How to Feed Your Rabbit

Companion Animals December 02, 2011 Print Friendly and PDF

Amount to feed

Rabbits should be provided with a pelleted diet daily.  You may also choose to feed a home-prepared diet of fresh vegetables and greens.  The amount to feed depends on the rabbit’s age and reproductive status.  Young growing and pregnant or nursing rabbits may be provided with food ad libitum.  This means they are provided with an excess of food and can eat as much as they want during the course of the day and night. 

Adult rabbits should be fed based on label guidelines for the diet that you have chosen.  In general, this means about a ¼ cup pellets per 5 pounds of body weight.  This amount may need to be adjusted based on your rabbit’s energy level.  More active rabbits will need to be fed more than less active ones.  Watch your rabbit to ensure it is not losing or gaining weight, and adjust the amount of food offered accordingly.

Rabbits should always be supplied with high-quality grass hay. The fiber in grass hay promotes proper digestion and also gives your rabbit something to nibble on throughout the day.

Rabbits also should be provided fresh water at all times.  Rabbits drink surprisingly large amounts of water for their body size.  Make sure they have plenty of water at all times.

When to feed

Rabbits are crepuscular.  This means that in the wild they would eat at dawn and dusk.  These are the times of day that the fewest predators are out hunting.  Rabbits should be fed in a similar pattern in captivity for optimal health. 

You should check your rabbit’s feed and water twice a day – first thing in the morning and in the evening.  Rabbits should have access to hay at all times, so make sure to add hay each time you check on your rabbit. 

Providing pellets or fresh greens during the evening feeding is optimal.  Rabbits are most likely to eat their pellets during the evening and overnight hours.  Providing food during this time decreases the number of unwanted behaviors (chewing, playing with water bottle) that may occur in the overnight hours.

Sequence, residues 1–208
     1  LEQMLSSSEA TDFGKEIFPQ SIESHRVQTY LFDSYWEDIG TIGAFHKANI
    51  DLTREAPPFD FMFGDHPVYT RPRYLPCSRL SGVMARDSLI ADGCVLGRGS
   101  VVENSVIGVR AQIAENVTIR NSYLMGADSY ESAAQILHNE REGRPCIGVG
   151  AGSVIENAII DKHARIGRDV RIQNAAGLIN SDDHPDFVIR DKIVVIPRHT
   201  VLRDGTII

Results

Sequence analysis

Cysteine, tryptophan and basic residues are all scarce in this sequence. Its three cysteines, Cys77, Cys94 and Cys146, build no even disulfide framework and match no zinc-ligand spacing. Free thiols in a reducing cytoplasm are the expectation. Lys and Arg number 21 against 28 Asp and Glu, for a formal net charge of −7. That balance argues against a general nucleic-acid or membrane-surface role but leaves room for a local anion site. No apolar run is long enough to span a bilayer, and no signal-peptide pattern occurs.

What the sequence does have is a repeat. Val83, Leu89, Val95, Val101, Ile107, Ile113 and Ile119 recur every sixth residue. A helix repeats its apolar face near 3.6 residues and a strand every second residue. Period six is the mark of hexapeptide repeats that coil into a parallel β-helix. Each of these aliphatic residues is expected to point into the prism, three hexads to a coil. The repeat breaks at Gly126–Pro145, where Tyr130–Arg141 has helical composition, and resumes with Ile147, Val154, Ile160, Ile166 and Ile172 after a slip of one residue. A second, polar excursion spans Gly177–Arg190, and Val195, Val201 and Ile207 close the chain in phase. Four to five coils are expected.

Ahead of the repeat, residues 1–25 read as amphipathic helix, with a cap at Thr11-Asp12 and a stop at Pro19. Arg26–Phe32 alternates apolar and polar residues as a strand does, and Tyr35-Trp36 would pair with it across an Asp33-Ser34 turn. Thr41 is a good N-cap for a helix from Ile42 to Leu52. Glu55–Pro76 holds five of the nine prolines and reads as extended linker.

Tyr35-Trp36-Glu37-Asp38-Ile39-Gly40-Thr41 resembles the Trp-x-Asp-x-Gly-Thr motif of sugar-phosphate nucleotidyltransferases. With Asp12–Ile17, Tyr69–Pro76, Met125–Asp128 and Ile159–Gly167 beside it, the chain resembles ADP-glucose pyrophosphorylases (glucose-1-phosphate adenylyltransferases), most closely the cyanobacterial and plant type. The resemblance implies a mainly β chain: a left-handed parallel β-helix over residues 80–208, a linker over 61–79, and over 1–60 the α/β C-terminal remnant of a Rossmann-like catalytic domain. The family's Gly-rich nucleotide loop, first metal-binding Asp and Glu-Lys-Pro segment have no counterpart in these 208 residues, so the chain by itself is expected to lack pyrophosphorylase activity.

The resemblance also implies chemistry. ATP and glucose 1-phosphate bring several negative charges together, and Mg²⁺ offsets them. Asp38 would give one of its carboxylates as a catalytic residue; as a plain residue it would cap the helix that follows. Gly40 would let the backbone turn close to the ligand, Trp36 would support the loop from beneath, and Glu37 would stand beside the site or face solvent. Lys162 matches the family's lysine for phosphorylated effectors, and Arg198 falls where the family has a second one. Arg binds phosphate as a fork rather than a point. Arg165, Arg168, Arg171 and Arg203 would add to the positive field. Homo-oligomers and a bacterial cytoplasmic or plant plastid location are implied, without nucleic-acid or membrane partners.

The water should be changed daily. Algae can quickly build up in the water. This accumulation of algae can restrict proper suction, leading to dripping, and can also prevent water flow when the rabbit attempts to drink.

Feeding equipment

Bowl versus feeder:

The design of food and water bowls greatly varies. For pelleted or home prepared foods, ceramic bowls work best.  If choosing to feed fresh vegetables or other greens, you may want to have a separate bowl than that used for the pelleted diet.  The weight of the bowl prevents rabbits from tipping over their food. Bowl tipping is a natural behavior that many rabbits exhibit. Ceramic bowls are also relatively easy to clean by hand but can also be placed in the dishwasher.  Particular attention needs to be paid to bowls used for vegetables or fresh greens.  These bowls should be emptied and cleaned daily to prevent possible bacterial contamination. Keep in mind that the bowl should not be too deep. This is especially true for young bunnies and smaller breeds such as dwarfs and lionheads.

Pelleted food can also be placed in metal feeders that attach to the sides of the cage. This type of feeder may prevent rabbits from wasting food. Metal feeders allow owners to provide rabbits more than a day’s portion of pellets and will allow the rabbit to eat as much as it wants. Ad libitum access to pelleted food can cause obesity in adult rabbits. This type of feeder may be useful when feeding young growing or pregnant rabbits that have higher nutrient needs.

Hay rack:

To prevent hay from being dispersed and mixed with bedding, a hayrack can be used. Rabbit hayracks are metal or plastic and can attach to the side of the cage, similar to metal feeders. To prevent a rabbit from getting its head caught while reaching for hay, the openings in the hayrack should be no larger than 1-by-2 inches.

Water bottle versus crock:

Water should be provided in a gravity water bottle. This type of waterer hooks onto the side of a rabbit’s cage and provides a continuous supply of water through a metal tip. By licking the metal tip, rabbits move a metal ball that releases pressure and allows water to flow.

Round ceramic bowls can also be used to provide water for a rabbit, but often there are a few issues with this method. First, bowls provide only a limited amount of water at a time. The owner must check water levels regularly to ensure the rabbit always has water and avoids dehydration. In addition, your rabbit may tip over the bowl and create a mess in its cage.  Finally, female rabbits that have a large dewlap will have a tendency to get the skin under their necks wet. Moisture within the folds of the dewlap can lead to wet dermatitis. This dermatitis can be a precursor to a bacterial and/or fungal infection of the skin.  However, during winter months if a rabbit is housed outside, it may be advantageous to use a water bowl because water that freezes in a plastic bottle may cause the bottle to break or crack. 

Lisa Karr-Lilienthal, Ph.D. University of Nebraska-Lincoln

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This work is supported by the USDA National Institute of Food and Agriculture, New Technologies for Ag Extension project.